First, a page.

To the Explorers, Thank You

Credit: Pilgrim Hall Museum

Credit: Pilgrim Hall Museum

The precise origins of Thanksgiving are, like almost everything else in the historical record, a matter of debate.  While account of the first Thanksgiving feast held in Plymouth Colony is  1621 is one of the cornerstones of America’s own origin story,  the roots run far deeper, back into the origin story of humanity itself  and the nearly universal concept of a harvest festival. It is a marker on the path of transition from primitive hunter gatherer groups constantly on the move, to the first agrarian society’s which placed a necessary premium on staying in place. The inevitable result, the first city-states and the beginnings of political culture and long distance trade as we know it today. Later, the concept of a harvest festival,  merged with elements of the Christian religion in Europe, only to become one of the seemingly endless points of argument in the widening schism between the Protestant Reformation and Catholic groups, as the former attempted to substitute a limited number of Days of Thanksgiving (as well as less popular Days of Fasting)  in the place of a Papal Calender full of now mostly forgotten religious holidays.     It was just this sort of debate which prompted a small number of religious dissenters to join other colonists aboard a tiny ship, the Mayflower, bound for northern Virginia in a dangerous fall passage across the Atlantic in 1620.  When the ship missed its destination, and instead found itself far to north, off present day Massachusetts for reasons which are still not clear,  the response was to band together and assert their own individual liberty in forming a charter, the Mayflower Compact, as the basis for chartering a colony not previously authorized by the King of England.  After a first winter which saw almost almost half of the people who had boarded the ship in search of a better life, instead die of starvation and disease,  the survivors were understandably eager to give thanks nearly a year later,  when the first harvest  generated enough food to survive another winter already nearly upon them. We very frequently honor the explorers whose names are well known to history for their accomplishments, and rightfully so.  Before to many more Thanksgivings have passed, perhaps we will add another name next to that of Neil Armstrong, as the first person steps onto the surface of Mars.  It is worth considering however,  that over the long march of history,  we owe an even greater debt of gratitude to those men and women who gambled their families, their futures, and  their lives, on a  journey into the unknown not for King and Country,  but  simply to make a new life,  in a new country, without any king at all. Living among us now,  on Thanksgiving Day 2013, are hopefully some of those rare individuals who will celebrate a future Thanksgiving off Earth, not just as temporary voyagers,  but as the first permanent settlers living on a new world. Having left behind, in many cases forever, the comforts of a home and a planet ideally suited for human life, for one which is anything but, they too, will no doubt give thanks according to their beliefs,  for survival continued survival  on a hostile world. The meaning of holidays has a tendency to change over the years, viewed in the context of the people who experience it.  What is today an American  (and in October, a  Canadian)  holiday of plenty, has its roots in pagan harvest festivals, and gains its historical context as an expression of appreciation to God for simply surviving. It may be then, that in the future, the meaning will change once again and the holiday will come to signify the moments, and the people who first come together to celebrate a common heritage on a new world, and the many more back home to put a great deal on the line to make it happen. So to the risk takers, past present and future, thank you.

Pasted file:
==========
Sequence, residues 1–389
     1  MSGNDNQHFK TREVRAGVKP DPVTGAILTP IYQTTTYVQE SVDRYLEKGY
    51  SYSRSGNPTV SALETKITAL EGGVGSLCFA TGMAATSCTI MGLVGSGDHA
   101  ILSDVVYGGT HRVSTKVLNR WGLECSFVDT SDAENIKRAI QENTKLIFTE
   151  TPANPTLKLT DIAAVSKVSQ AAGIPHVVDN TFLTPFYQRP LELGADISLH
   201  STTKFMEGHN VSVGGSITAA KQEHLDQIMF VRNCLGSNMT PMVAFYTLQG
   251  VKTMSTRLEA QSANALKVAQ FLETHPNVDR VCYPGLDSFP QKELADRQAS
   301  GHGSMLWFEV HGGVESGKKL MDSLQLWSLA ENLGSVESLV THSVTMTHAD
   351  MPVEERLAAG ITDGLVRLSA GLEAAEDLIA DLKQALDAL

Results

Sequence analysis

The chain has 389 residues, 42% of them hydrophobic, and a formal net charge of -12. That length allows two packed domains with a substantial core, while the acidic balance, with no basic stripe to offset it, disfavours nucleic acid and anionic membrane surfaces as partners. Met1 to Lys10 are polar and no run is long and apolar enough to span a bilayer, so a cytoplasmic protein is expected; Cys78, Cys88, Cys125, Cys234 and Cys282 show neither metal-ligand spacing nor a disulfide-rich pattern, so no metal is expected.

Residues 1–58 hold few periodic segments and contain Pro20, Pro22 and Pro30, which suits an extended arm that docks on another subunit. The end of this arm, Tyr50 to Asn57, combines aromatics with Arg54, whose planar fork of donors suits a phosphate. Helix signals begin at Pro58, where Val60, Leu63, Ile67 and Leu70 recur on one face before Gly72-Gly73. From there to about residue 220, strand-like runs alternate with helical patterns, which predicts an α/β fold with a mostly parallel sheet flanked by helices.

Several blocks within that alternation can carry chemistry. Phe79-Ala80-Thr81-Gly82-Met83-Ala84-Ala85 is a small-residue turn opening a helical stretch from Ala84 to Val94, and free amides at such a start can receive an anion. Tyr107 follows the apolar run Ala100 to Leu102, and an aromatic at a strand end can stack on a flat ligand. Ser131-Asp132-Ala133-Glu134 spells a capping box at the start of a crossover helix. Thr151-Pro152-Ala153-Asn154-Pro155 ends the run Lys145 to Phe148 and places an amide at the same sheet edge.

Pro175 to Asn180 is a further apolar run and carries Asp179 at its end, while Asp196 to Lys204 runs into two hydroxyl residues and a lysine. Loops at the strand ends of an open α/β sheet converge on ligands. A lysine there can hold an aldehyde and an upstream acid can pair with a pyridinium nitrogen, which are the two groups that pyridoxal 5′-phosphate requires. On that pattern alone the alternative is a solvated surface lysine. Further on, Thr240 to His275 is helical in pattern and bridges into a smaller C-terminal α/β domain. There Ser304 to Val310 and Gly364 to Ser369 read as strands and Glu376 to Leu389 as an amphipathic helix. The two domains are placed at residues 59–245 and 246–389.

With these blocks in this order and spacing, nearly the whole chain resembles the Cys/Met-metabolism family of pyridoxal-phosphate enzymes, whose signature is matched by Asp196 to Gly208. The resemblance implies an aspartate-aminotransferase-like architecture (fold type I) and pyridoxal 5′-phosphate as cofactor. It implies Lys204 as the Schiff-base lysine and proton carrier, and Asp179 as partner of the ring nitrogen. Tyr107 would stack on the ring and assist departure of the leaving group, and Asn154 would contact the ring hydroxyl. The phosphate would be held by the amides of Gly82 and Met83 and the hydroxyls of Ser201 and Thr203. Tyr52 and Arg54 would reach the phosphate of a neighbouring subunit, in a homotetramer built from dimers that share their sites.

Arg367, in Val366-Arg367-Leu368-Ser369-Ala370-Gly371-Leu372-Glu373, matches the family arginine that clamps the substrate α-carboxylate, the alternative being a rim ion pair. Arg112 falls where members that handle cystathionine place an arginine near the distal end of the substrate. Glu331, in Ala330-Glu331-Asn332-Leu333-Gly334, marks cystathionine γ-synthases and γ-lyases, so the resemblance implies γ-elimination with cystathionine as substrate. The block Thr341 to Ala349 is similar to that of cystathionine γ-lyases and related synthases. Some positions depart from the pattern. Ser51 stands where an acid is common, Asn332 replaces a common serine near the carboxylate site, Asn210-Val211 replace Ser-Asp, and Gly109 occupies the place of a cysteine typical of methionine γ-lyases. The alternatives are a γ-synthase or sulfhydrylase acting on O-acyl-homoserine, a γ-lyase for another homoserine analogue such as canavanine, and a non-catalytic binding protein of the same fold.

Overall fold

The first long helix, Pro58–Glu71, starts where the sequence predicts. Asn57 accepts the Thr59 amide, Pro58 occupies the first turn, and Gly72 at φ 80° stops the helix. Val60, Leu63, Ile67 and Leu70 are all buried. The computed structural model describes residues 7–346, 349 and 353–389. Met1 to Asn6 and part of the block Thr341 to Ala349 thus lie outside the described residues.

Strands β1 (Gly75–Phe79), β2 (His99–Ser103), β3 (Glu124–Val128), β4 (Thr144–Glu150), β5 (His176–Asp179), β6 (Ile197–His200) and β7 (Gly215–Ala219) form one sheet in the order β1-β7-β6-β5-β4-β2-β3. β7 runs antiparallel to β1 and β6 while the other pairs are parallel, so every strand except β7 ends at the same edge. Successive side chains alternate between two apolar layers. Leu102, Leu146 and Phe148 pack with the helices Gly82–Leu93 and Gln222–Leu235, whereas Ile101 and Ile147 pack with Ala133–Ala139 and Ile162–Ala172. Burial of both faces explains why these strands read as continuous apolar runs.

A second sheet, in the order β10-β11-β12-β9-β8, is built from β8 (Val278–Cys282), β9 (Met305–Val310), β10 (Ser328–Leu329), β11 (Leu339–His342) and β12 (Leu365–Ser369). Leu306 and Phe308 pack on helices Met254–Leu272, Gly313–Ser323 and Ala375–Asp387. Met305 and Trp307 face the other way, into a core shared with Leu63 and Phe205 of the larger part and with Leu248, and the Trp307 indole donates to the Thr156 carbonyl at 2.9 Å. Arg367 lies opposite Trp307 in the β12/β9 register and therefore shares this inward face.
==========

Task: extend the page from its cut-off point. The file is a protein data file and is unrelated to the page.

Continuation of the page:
Credit : HST

Credit : HST


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